Perhaps we have all wondered about our place in this world, something Anna Fitzgerald never has. My Sister’s Keeper by Jodi Picoult tells the story of young girl whose role is to be a storehouse of parts for her older sister Kate, who has cancer. Whenever Kate needs a transplant, Anna must fill the slot, and she’s as accessible as walking down the hall.
The Fitzgerald family doesn’t realize the unethical peril of creating this “designer baby” until thirteen-year-old Anna sues them for medical emancipation. The book is told in seven very different perspectives and covers eleven days, from Anna hiring her own attorney to the breathtaking end.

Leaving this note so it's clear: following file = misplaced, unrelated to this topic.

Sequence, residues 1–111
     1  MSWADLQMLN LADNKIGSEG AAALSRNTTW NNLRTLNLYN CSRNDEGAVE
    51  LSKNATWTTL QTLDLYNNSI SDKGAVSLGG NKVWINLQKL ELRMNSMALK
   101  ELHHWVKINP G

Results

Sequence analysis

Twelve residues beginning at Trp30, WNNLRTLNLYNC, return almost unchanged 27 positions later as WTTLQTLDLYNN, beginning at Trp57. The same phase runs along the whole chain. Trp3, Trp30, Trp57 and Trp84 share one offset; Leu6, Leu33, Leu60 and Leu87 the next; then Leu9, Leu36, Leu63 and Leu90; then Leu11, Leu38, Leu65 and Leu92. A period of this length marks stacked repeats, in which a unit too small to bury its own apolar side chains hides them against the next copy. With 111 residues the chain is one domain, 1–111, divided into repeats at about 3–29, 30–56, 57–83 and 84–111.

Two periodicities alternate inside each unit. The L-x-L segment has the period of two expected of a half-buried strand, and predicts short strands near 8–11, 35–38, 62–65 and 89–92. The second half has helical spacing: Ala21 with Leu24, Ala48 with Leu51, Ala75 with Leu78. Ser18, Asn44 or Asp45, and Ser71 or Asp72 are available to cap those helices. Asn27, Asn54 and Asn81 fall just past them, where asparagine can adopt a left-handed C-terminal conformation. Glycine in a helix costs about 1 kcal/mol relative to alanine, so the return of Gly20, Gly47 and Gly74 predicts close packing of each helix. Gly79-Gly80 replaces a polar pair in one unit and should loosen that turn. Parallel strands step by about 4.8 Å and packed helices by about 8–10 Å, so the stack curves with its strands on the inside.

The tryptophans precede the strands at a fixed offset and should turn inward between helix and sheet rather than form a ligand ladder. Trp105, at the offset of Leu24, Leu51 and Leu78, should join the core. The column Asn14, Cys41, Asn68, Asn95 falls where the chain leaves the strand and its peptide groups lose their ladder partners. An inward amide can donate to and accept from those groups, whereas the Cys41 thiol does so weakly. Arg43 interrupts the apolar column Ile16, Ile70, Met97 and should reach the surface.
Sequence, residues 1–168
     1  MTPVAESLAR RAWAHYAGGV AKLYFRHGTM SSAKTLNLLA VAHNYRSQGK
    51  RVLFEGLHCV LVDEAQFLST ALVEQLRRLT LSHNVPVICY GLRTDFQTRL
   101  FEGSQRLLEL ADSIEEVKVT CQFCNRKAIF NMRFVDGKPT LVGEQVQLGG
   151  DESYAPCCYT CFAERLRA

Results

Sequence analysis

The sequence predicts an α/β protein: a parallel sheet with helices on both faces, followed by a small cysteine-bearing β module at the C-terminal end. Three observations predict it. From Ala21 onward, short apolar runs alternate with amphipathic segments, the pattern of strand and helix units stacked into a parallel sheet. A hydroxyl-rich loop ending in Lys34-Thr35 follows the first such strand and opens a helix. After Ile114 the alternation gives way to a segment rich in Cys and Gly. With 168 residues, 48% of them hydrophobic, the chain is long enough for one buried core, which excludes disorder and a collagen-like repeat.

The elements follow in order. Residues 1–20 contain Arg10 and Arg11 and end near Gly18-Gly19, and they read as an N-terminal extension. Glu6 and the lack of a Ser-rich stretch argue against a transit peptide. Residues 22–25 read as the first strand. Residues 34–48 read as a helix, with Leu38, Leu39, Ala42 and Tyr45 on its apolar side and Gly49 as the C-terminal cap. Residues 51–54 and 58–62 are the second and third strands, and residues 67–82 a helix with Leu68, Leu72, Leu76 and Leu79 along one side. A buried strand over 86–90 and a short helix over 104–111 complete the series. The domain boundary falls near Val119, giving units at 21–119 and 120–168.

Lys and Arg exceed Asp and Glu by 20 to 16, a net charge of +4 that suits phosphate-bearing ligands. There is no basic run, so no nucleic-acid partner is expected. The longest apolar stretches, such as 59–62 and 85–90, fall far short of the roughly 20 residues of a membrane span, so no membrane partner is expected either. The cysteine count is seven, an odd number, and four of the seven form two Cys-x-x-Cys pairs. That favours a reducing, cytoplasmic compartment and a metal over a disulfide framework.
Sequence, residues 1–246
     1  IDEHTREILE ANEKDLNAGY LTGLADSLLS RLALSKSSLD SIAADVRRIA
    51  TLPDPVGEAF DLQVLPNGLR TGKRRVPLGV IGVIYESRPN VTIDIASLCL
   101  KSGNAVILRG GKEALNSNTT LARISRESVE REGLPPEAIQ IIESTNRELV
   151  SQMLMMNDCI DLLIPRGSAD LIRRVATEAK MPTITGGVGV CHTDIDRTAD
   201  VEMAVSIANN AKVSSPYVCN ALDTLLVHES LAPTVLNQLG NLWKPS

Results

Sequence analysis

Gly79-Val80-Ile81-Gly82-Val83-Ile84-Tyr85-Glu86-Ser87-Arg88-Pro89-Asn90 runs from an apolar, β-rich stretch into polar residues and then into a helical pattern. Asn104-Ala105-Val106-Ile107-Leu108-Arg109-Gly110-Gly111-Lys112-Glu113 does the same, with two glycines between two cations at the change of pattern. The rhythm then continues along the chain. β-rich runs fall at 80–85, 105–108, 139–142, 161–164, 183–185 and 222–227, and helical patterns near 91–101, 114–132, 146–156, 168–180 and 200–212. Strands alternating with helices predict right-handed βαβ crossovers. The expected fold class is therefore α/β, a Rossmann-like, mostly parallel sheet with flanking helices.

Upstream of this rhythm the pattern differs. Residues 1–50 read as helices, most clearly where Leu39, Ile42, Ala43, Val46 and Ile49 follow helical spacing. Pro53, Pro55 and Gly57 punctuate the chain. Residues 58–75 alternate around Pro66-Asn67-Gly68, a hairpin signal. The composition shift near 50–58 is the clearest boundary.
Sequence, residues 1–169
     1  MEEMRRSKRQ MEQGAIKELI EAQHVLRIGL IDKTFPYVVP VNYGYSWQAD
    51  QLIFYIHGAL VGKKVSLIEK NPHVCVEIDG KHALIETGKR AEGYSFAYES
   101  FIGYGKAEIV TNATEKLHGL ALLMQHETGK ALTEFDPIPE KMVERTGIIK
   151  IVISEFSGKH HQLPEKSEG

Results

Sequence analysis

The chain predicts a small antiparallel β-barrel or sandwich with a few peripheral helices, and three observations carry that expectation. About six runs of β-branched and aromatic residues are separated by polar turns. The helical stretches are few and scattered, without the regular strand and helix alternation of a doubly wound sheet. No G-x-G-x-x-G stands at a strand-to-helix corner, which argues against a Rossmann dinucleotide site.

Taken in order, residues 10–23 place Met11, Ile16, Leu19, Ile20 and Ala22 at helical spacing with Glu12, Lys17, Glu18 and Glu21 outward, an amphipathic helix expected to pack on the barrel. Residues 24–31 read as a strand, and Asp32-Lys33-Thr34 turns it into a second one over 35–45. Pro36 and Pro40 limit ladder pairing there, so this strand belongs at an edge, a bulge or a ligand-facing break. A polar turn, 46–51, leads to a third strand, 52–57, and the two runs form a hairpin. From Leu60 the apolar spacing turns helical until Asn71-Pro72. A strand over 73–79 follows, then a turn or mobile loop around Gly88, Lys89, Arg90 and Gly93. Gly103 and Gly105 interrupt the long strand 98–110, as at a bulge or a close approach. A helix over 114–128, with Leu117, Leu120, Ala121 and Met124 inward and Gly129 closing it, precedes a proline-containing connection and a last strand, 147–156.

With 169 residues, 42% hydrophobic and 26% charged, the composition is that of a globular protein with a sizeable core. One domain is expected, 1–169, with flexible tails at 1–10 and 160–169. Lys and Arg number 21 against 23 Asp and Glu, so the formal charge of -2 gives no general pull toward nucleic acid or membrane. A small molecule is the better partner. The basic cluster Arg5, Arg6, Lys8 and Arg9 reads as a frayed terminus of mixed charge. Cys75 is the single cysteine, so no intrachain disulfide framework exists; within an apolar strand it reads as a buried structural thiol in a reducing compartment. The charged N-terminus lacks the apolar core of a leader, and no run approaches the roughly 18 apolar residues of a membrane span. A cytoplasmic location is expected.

Just when you think things can’t get more complicated, they do. Mrs. Fitzgerald turns out to be an attorney, and dusts off her law degree to defend Kate. The family teeters on a fatal edge, knowing that if Anna wins the case, Kate will die without her kidney transplant. Twisted throughout is a messy love affair between Anna’s attorney and her Guardian Ad Litem. The neglected older brother, Jesse, has a secret that neither parent cares to find out until it stares them in the face.
Though unorthodox and delicate the plot, this book caused my heart to tug strings I didn’t know existed, and fight internal battles over issues I didn’t understand. Picoult covers all the bases in this controversial novel about family relations and getting what you deserve.

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